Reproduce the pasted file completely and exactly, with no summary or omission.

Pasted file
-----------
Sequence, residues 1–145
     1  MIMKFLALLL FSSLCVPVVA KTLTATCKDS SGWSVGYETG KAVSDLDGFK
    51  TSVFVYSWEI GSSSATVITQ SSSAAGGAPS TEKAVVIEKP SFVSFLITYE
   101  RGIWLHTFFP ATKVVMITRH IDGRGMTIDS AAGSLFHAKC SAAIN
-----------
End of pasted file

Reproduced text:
Sequence, residues 1–145
     1  MIMKFLALLL FSSLCVPVVA KTLTATCKDS SGWSVGYETG KAVSDLDGFK
    51  TSVFVYSWEI GSSSATVITQ SSSAAGGAPS TEKAVVIEKP SFVSFLITYE
   101  RGIWLHTFFP ATKVVMITRH IDGRGMTIDS AAGSLFHAKC SAAIN